No single test is diagnostic of a meniscal tear. A combination of clinical history with mechanism of injury, joint line tenderness and special tests help in the diagnosis.

If the clinical diagnosis is doubtful, MRI scans are 90-98% sensitive in making the diagnosis. There is limited role for diagnostic arthroscopy of the knee. Clinical tests for meniscal tears are less accurate in the presence of acute ligament injuries. preservation and even restoration

Tear Of A Healthy Meniscus

Injury to a healthy meniscus occurs with a rotational force on a loaded knee. The meniscus follows the tibia with flexion and also follows the femur with rotation.

Medial meniscal tears are more common than lateral meniscal tears (Baker et al- 81% to 19% with sex ratio being 3:1 male:female) Lateral meniscal tears can more commonly occur with acute ACL ruptures as there is anterolateral rotatory translation of the tibia on the femur. Medial meniscal tears are as common with chronic ACL deficiency.

There is sports specific difference in type and location of tears. Medial meniscus posterior horn tears and longitudinal tears are more common with football, skiing and basketball. Lateral meniscal tears are as commoner in wrestling, gymnastics and volleyball. Most tears of the medial meniscus involve the posterior third whilst middle zone tears of the lateral meniscus are more common.

Tear Of A Degenerate Meniscus

A degenerate meniscus can tear with no specific injury. There is a reduction in mucopolysacharides with fibrocartilage degeneration and it is more likely that the tear is due to degeneration rather than the tear causing degeneration (Noble 1975) Degenerate meniscal tears are often associated with arthritic knees. Calcific menisci have a two-fold higher association with degenerate meniscal tear. Degenerate meniscal tears are usually flap tears, horizontal cleavage or of complex pattern.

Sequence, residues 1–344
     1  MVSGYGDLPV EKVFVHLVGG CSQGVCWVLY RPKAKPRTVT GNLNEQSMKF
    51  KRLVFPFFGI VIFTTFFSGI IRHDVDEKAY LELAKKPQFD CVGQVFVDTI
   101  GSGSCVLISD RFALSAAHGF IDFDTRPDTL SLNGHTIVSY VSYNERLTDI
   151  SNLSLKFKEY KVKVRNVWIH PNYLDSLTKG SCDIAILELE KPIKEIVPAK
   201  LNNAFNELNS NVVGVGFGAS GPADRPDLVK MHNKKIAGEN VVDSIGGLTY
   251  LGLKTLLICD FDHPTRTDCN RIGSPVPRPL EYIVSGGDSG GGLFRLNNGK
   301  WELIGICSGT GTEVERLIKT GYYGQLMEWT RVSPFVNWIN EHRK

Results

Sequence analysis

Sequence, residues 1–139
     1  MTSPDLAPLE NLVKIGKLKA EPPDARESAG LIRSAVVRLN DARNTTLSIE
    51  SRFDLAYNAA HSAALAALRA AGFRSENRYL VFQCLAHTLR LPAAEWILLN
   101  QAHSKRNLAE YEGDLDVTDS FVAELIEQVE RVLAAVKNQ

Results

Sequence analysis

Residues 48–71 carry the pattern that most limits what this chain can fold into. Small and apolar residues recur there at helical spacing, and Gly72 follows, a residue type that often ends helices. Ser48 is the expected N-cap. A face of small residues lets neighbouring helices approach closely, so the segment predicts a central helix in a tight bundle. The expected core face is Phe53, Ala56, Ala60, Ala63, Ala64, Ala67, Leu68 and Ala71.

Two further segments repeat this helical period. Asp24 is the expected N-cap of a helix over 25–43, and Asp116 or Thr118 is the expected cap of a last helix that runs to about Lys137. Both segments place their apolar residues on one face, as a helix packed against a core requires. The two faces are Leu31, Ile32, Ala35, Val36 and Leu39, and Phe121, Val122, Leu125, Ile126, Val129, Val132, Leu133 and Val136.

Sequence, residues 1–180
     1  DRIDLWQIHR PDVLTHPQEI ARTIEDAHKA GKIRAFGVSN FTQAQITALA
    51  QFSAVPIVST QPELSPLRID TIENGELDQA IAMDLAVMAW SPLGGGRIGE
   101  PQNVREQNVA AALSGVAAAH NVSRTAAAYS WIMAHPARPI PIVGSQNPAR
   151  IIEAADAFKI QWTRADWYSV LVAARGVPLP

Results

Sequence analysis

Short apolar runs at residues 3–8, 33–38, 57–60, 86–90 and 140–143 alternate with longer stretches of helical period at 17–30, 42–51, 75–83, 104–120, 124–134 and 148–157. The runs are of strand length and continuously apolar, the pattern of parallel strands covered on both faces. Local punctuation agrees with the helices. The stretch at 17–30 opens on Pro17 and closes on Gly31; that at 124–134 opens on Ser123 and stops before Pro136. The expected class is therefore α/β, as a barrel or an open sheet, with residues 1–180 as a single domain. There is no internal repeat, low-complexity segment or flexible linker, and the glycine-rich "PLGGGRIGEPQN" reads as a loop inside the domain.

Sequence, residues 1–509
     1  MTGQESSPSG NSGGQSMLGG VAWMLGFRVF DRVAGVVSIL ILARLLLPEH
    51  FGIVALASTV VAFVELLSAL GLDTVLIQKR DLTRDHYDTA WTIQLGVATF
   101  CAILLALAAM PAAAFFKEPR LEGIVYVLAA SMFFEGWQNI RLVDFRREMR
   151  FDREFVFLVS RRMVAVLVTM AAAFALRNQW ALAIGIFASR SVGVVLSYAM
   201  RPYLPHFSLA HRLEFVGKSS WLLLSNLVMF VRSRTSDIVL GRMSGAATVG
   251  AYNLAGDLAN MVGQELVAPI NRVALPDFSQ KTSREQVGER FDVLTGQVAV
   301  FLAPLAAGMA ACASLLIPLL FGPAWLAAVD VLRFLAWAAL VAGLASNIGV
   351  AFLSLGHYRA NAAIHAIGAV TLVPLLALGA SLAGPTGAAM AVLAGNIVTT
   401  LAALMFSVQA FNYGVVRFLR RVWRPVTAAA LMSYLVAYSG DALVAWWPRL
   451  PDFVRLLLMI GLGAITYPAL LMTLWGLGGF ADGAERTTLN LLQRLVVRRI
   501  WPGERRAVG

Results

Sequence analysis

• Mechanism of injury
  • Sporting history
  • Occupation
  • Presence of clicking or locking or giving way
  • Pain on squatting or deep flexion


    Tenderness along the joint line is more specific for lateral meniscal tears than medial meniscal tears. In the presence of an acute ligament injury, tenderness is not a useful sign. Careful evaluation by an experienced examiner identifies patients with surgically treatable meniscus lesions with equal or better reliability than MRI (Ryzewicz CORR 2007- Systematic Review). Numerous authors have reported that there is no significant difference in the accuracy of clinical examination and MRI in the diagnosis of meniscal or ACL tears. ( Rose Arthroscopy 1996, Kocabey Arthroscopy 2004, Thomas Knee Surg Sports Traumatol Arthrosc. 2007).

    Diagnostic Composite

    1. a history of “catching” or “locking” as reported by the patient,
    2. pain with forced hyperextension,
    3. pain with maximum flexion,
    4. pain or an audible click with McMurray’s test, and
    5. joint line tenderness to palpation.

    Five positive findings on composite examination yielded a positive predictive value of 92.3% (Lowery,Steadman et al). Positive predictive values remained greater than 75% with composite scores of at least 3 in the absence of ACL and DJD pathologies. The presence of an ACL injury decreased the positive predictive value of 5 composite findings to 67%, whereas the presence of DJD increased predictability to 100%.

    Special Tests

    • McMurrays
    • Deep flexion
    • Steinman test
    • Apley’s grinding test
    • Thesally test

    MRI Scan

    The negative predictive value (NPV) of clinical examination is no greater than 67%; therefore, about one third of meniscal tears are missed with clinical screening alone (Fowler, 1989; Spiers, 1993). In situations of multiple knee lesions, the accuracy of clinical examination in diagnosing meniscal tears decreases (Alseki 2003, Eren 2003, Shelbourne 1995, Oberlander, 1993). The negative predictive value of MRI scans is high and hence are useful to avoid unnecessary arthroscopy. The sensitivity of MRI scans to diagnose multiple injuries reaches almost 100% whilst for meniscal tears For MRI Scans to be more useful, there needs to be an integration of clinical findings with the Orthopaedic Surgeon’s review of the scans. (Luhmann JBJS-A 2005) Musculoskeletal radiologists have to be given enough clinical information when requests are made for MRI scans.


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